When it comes to archaeology, little is more tantalizing than a mysterious language, picture, or engraving. Without having any solid understanding of the original “authors” or “artists”, or any idea what any of the separate symbols mean, it’s certain that the true meaning of some of these glyphs will be forever lost to time.
One such example may be the “stela of Montoro”, an engraving in a stone slab found in a farmer’s field near Cordoba, Spain, in 2002. Researchers have been trying to decipher it ever since, and a new study in the journal Antiquity suggests that a breakthrough has been made.
It’s a bit of a linguistic mess. Along with a few engravings of potentially abstract images, elements of Spanish, Greek, Iberian, South Arabian, and Canaanite – a Semitic-speaking region of the Near East – can all be identified on the stela to varying degrees. This makes it a little like the famous Rosetta stone, whose mixture of Egyptian hieroglyphs, Ancient Greek, and Demotic paved the way for a groundbreaking translation of the former.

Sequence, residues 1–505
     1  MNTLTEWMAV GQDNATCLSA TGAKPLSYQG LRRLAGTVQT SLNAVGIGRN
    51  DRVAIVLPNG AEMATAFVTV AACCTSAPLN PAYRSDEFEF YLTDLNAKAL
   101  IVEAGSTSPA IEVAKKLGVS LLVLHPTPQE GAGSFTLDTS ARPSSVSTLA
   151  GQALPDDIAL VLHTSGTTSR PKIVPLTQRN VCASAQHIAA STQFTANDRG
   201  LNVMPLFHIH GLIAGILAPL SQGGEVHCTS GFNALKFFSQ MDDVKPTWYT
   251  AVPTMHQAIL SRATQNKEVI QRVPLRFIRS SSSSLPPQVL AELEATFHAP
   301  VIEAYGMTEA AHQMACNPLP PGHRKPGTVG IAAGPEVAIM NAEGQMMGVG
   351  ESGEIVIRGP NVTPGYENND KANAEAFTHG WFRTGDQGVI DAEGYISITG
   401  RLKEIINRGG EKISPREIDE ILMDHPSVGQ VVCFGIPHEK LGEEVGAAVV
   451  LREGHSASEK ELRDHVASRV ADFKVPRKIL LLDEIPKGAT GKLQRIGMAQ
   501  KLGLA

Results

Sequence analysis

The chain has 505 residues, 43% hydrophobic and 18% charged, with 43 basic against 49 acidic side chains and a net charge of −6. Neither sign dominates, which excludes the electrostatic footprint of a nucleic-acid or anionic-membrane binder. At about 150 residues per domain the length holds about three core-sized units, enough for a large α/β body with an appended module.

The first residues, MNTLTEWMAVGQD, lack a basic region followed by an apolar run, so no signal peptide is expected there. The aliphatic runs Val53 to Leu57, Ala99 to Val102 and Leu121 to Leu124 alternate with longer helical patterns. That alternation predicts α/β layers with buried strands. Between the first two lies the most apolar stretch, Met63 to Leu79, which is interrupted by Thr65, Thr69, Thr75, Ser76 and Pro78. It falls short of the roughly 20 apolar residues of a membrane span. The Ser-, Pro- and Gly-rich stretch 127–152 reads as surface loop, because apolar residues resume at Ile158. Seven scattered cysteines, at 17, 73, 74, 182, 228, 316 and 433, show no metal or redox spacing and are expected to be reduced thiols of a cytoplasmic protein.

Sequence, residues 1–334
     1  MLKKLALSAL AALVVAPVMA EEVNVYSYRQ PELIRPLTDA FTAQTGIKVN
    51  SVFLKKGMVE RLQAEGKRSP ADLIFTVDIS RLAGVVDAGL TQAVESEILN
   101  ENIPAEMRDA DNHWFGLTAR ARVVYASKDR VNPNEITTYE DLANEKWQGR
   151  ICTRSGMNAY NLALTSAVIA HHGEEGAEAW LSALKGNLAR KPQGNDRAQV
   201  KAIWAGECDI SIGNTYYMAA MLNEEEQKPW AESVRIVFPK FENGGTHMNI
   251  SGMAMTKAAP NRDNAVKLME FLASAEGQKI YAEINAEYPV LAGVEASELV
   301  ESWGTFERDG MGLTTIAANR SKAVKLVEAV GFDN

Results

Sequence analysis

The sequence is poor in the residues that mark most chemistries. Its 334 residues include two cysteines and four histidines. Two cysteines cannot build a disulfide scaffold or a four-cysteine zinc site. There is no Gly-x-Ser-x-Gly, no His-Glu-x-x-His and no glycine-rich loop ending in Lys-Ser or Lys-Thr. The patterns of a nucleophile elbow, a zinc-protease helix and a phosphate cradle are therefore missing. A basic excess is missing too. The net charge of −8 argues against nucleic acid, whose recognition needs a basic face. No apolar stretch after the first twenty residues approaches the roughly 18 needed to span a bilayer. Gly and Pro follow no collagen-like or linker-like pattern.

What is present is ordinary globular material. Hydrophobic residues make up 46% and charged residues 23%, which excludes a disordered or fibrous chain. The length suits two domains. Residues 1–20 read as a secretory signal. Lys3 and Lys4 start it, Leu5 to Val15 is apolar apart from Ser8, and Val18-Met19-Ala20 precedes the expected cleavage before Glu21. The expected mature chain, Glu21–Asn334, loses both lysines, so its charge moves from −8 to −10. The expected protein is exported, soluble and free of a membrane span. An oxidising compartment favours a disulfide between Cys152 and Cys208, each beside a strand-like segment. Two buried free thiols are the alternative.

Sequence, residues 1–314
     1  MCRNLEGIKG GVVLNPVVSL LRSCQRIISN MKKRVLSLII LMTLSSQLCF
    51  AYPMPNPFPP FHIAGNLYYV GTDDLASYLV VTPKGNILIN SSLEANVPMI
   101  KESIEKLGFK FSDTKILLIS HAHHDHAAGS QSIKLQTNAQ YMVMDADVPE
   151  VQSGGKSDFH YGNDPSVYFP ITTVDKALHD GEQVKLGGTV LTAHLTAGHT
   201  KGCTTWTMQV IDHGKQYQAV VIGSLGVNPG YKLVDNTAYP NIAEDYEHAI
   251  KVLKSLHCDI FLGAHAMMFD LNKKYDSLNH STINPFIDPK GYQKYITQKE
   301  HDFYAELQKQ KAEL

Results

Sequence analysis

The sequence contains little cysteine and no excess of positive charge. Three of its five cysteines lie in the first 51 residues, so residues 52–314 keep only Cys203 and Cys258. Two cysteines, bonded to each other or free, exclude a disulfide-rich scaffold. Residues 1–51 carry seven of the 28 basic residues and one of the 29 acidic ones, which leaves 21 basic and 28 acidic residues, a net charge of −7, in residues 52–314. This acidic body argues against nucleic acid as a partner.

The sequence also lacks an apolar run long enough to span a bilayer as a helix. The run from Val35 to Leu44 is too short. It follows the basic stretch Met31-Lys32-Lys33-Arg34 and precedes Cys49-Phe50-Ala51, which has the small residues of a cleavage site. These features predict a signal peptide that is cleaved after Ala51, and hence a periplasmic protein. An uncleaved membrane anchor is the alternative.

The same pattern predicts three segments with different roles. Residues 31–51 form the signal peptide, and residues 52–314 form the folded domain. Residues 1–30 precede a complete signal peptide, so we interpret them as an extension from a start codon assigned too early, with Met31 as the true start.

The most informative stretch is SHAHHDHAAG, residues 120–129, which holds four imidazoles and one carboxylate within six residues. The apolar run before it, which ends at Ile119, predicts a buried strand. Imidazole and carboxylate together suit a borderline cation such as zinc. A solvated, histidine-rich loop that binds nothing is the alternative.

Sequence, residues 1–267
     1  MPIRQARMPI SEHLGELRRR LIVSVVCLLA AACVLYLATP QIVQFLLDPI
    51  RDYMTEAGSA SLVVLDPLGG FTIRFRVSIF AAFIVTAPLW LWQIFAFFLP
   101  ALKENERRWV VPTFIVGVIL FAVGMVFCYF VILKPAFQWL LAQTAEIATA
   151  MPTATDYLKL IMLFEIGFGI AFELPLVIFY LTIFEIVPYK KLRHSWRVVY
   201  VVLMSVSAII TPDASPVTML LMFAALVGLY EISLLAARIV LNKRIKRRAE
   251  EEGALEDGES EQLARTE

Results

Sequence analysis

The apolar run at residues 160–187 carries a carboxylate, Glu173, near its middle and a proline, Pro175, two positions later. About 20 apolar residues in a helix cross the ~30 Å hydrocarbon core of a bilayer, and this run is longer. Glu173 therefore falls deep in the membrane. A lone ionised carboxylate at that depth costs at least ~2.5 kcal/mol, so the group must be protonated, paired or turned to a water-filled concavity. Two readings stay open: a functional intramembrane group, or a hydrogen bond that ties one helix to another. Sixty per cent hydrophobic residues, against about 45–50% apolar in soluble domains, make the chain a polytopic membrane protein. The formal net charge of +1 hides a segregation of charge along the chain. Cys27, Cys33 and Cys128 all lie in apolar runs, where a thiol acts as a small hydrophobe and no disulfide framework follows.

The problem is that it isn’t clear what the glyphs actually mean in isolation. Despite using identifiable language symbols, they are – unlike the Rosetta stone – arranged without any discernible pattern, so it’s not clear if there’s a common word or repeating “phrase” or symbol that could connect up the dots and provide some meaning.
Now, based on a program of “chemical characterization, digital imaging, and geo-lithological and epigraphic analyses,” along with additional “archaeological investigations,” a team from the University of Seville have put forward two hypotheses.
The team dated the slab, and found it was created as far back as the Iron Age – specifically between the 9th and 3rd Centuries BCE. Based on what we know of human migration at the time, an earlier date implies that a group of fairly illiterate people were the creators of the stela, and that the glyph arrangements are depictions of things they literally saw on their journey.
This was probably initiated by the meeting of Canaan peoples – often referred to as Phoenicians – and those already living in the south of the Iberian Peninsula. The Phoenicians are arguably the inventors of the first “alphabet”, and the illiterate locals used what they saw as unusual language symbols to form pictures.